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10 Surefire Signs You're Turning Into Your Mother

Oh, the horror!

You swore it would never be you. You'd be different. But sure enough, one day it will hit you: you've become your mother. The realization could come the first time someone says you look just like your mom -- and you're left wondering whether or not to take it as a compliment -- or when you realize you just got the same haircut you thought looked so dated on mommy dearest. 

We called on our Facebook friends to tell us when they had their own "Freaky Friday" moment. 

You can run, but you can't hide. Here are 10 signs you're slowly but surely morphing into your mother. 

1. You're chatty with the grocery store check-out folks. 

"I became friends with all the staff at the grocery stores where I shop ... my mom always chatted with the butcher, the check-out crew, the stock people." -- Cindy Moranz Merrill. 

2. You can't remember your kids' names. 

"I tried to yell at one of my three kids, but the first two names I used were the wrong names. Sputtering is the word, I believe. My mother did it all the time, but she had five names to confuse." -- Peter Viles

3. You feel panicked if you don't know where your kids are at all times.

"For me, it's not falling asleep unless my teens are all home." -- Shelley Emling

4. You absolutely can't stand wasting things. 

"I run around turning off light switches ... I eat off the dinner plates, finishing the half-eaten food the kids leave behind." -- Ann Brenoff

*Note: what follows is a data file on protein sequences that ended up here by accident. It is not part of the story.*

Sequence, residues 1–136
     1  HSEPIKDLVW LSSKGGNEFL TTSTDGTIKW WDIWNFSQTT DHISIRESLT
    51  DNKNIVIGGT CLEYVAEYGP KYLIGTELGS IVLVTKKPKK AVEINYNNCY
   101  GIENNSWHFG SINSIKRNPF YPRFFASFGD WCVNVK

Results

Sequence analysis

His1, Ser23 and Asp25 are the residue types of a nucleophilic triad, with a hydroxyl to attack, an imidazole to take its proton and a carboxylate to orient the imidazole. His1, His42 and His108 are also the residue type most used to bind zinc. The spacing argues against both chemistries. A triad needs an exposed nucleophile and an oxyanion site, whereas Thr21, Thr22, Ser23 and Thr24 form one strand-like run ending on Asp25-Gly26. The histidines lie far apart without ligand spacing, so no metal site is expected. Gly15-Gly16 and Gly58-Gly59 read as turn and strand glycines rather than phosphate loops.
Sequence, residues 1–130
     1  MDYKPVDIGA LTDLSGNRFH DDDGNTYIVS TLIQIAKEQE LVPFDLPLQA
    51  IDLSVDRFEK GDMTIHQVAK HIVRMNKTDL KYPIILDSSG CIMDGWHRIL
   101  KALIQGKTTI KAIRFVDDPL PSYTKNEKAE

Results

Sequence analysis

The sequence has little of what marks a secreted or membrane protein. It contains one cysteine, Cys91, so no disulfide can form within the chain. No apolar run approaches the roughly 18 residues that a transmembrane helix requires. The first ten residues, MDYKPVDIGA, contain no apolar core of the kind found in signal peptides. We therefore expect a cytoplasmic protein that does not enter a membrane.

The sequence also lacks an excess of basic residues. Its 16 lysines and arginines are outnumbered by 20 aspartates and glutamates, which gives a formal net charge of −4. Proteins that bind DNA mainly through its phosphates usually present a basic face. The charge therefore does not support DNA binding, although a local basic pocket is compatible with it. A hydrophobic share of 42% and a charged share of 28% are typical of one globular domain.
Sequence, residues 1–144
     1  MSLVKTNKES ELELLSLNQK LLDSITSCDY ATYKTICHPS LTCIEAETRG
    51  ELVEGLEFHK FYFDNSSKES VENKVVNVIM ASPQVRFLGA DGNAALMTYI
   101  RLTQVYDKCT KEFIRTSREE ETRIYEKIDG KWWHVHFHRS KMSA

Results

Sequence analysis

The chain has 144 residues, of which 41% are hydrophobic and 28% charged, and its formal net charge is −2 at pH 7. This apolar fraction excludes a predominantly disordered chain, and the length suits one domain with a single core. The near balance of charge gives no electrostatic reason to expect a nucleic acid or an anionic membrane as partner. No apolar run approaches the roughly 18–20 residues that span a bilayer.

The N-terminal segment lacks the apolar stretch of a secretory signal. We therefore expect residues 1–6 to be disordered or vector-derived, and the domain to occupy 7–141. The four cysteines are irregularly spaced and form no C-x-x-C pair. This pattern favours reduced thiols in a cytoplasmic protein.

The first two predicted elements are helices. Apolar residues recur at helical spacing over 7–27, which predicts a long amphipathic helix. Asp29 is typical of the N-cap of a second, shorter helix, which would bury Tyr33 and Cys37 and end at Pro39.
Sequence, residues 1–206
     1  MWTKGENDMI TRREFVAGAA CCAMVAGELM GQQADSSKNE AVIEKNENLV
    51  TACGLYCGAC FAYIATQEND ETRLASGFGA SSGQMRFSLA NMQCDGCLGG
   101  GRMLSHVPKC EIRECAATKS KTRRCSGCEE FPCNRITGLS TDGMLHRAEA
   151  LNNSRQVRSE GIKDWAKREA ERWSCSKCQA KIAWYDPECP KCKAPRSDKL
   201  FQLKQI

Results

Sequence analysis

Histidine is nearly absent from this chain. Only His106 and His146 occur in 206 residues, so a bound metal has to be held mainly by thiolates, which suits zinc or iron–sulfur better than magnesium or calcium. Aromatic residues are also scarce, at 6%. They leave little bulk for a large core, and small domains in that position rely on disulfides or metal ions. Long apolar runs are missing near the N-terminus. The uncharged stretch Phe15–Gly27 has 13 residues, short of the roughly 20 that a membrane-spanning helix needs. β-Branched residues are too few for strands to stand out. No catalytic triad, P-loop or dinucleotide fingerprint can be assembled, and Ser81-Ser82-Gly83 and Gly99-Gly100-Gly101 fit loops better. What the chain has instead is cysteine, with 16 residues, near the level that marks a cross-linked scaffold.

5. Your body parts have started to resemble moms. 

 "I have 'mom' hands now." -- Joy Yagid

"When I look at my wrinkly thighs!" -- Janie Emaus

6. You constantly nag your kids. 

"I tell my oldest to sit up straight ... no slouching!" -- Janie Tillman Emaus
 
7. You start dressing like your mom. 
 
"When I started wearing enormous white sneakers with jeans Seinfeld-style and not even caring." -- Liz Alterman
 
8. You've actually started to sound like mom. 
 "When I was calling my kids in and heard my voice echo off the brick wall and it was my mother's voice." -- Chris Nitzsche
 
9. You have the tendency to repeat the obvious.  
 
"When I told my daughter: 'Keep your socks up!' and 'Stay with the group!' and 'Drive safely!'" -- Barbara Senftleber
 
10. You use the same one-liners you once used to hate.
"Early in high school I told my son, 'You'll thank me one day'... he rolled his eyes. Thankfully, he recently did. After many years of thanking my mom after probably treating her that way as a teen, I told her that her 19-year-old grandson had finally thanked me." -- Kerry Macintosh
 
Guilty. 
 
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